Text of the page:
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Yunnanilus brevis

by Mark in Vancouver last modified Jan 15, 2007 05:36 PM


Summary

Yunnanilus brevis

Scientific name: Yunnanilus brevis (Boulenger, 1893)

Common name: Inle Loach.

Synonyms: Nemacheilus brevis, Nemachilus brevis, Eonemachilus brevis, Noemacheilus brevis

Distribution: Lake Inle and He-Ho plain, Myanmar. Possibly also from Salween basin, Myanmar.

Sexual Dimorphism: Females have more prominent spotting. Males are smaller with a Black longitudinal stripe.

Maximum size: Females 2.5 inches (6.4cm). Males 2 inches (5.4cm).

Similar to: Other Yunnanilus Species.

Care: Clean well-filtered water with not too much current. Lives with dense bottom planting and floating plants in nature, so a well-planted aquarium will be appreciated. Soft, sandy substrate recommended.

Feeding: Will accept most proprietary aquarium foods. Supplement with thawed frozen Brine Shrimp, Daphnia, Bloodworm, etc.

Water parameters: pH: 7.8 - 8.0 . Hardness: Medium Hard. Max dh: 12

Temperature: 75ºF to 80ºF (23.8-26.6°C)

Breeding: Not known in aquaria. Possibly mass spawners in nature.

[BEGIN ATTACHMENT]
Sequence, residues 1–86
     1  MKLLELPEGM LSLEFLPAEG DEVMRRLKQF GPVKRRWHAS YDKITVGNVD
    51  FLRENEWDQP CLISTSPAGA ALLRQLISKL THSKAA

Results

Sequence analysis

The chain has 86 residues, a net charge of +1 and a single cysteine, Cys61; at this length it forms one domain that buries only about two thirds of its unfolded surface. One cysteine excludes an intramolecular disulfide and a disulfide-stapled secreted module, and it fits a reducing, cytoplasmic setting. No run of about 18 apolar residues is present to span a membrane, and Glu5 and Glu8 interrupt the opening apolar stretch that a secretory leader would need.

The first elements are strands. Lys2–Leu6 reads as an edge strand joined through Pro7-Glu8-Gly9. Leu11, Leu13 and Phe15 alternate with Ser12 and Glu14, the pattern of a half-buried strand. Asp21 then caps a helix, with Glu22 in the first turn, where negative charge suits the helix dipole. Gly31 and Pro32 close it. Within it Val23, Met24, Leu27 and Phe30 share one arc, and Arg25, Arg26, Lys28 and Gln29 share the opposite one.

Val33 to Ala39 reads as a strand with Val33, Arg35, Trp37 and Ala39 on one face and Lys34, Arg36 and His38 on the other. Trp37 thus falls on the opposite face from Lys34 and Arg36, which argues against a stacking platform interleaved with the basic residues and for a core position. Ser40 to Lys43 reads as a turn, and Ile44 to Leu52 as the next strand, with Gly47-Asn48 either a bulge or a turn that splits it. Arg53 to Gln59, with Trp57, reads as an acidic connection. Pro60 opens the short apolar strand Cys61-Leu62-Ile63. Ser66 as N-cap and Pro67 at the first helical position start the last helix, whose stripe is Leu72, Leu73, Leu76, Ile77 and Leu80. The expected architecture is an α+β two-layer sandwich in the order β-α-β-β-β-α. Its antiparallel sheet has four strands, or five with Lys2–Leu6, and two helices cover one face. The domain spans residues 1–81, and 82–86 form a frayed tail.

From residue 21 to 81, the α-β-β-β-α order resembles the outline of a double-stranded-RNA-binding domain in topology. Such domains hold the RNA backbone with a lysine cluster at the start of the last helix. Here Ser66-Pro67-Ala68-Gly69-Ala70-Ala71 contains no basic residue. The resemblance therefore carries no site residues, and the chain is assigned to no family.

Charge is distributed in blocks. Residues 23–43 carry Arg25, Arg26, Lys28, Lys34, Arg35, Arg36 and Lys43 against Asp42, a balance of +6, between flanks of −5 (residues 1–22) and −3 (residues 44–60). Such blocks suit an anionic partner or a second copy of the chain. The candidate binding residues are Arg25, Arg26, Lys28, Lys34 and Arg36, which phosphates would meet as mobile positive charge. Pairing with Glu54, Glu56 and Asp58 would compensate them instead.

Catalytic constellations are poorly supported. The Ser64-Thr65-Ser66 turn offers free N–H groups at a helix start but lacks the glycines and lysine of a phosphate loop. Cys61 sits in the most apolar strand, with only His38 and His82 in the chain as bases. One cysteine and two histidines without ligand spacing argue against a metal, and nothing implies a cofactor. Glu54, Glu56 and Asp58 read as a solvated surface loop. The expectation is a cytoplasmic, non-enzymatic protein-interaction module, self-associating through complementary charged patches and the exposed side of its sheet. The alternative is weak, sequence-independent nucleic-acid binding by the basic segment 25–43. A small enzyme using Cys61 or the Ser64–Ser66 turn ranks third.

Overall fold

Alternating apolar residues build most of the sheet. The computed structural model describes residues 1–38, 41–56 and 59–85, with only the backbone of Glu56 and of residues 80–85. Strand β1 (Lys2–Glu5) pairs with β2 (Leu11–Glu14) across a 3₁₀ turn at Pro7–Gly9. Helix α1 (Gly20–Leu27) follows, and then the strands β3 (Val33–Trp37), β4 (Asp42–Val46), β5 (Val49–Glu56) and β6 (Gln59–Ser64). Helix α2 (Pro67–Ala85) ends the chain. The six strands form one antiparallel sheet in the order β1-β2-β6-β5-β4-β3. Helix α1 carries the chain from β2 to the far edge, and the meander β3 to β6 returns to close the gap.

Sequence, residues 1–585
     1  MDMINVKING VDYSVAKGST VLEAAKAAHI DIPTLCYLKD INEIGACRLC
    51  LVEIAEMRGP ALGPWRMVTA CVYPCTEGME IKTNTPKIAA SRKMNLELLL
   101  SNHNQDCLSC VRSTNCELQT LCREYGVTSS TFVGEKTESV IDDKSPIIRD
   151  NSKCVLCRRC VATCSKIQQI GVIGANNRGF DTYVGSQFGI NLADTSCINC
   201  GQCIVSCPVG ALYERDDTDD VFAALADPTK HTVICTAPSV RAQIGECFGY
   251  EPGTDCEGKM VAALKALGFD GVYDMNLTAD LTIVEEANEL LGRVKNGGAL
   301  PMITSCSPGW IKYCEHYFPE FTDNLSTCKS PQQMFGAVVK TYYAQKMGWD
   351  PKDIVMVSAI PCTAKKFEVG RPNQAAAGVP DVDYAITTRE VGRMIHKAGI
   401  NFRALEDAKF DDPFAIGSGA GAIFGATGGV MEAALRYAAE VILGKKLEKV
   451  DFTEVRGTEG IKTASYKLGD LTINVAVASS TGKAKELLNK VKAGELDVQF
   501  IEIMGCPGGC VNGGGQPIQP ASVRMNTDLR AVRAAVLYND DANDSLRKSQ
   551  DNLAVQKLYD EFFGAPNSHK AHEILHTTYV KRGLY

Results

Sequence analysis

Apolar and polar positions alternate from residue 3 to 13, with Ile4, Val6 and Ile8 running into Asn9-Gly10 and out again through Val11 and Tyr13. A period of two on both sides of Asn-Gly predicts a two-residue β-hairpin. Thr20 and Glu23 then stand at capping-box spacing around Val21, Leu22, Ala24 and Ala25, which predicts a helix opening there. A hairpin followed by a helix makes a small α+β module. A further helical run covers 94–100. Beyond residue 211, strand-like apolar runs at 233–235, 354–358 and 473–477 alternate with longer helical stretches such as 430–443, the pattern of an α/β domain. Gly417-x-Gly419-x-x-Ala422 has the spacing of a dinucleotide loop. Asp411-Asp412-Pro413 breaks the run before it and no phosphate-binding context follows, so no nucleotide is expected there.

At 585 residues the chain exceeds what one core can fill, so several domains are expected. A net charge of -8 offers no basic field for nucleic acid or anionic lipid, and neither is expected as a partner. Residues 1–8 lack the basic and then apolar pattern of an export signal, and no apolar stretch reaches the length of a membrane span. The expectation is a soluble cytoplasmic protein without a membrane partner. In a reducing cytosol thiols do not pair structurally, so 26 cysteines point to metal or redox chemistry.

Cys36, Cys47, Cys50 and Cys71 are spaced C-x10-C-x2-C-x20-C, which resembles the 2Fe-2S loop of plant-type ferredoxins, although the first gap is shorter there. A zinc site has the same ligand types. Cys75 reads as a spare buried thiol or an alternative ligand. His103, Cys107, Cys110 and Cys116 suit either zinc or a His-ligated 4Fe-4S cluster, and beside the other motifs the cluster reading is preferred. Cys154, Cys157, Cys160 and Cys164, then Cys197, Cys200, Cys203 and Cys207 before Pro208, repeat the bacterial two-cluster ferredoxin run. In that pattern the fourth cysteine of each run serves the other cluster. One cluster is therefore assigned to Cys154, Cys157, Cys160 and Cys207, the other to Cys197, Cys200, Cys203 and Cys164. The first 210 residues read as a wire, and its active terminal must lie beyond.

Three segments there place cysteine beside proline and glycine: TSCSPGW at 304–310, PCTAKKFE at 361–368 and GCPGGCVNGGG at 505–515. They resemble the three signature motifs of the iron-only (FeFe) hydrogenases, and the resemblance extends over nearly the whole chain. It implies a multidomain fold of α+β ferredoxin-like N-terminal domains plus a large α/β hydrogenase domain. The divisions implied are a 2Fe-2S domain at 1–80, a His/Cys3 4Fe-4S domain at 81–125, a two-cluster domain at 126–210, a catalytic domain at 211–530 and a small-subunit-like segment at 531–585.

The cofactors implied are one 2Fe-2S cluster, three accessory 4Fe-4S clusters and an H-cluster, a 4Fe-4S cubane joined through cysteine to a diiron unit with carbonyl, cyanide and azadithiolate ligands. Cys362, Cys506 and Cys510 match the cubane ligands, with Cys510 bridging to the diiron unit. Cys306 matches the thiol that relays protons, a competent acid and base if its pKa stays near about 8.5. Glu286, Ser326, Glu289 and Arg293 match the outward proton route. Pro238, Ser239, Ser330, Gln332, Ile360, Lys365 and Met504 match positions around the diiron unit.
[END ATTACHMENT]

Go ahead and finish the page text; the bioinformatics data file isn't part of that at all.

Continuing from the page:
Yunnanilus brevis


Notes

Amongst the vast number and variety of species of Loach in Cobitidae and Balitoridae, Yunnanilus brevis stands out as one of the odd-balls of the genre. With habits more akin to Barb species, being largely free-swimming and shoaling in nature.

It also hails from a different kind of environment than most loaches. Lake Inle is a relatively shallow (4 to 7 metres depending on the season) lake with a relatively high pH and hardness due to being fed by streams running over calciferous rocks. There is dense bottom plant growth and often floating plant life. Therefore, this should be a consideration in the setup of a suitable aquarium for the species.

Y. brevis should be kept as a shoal. 5 or 6 fish is the absolute minimum that should be considered for the fish's well-being. Y. brevis shares Lake Inle with several other unique species and a nice Inle-themed biotope might consist of this species coupled with the stunning Sawbwa resplendens and the Lake Inle "Trout" or "Danio," Inlecypris auropurpureus.



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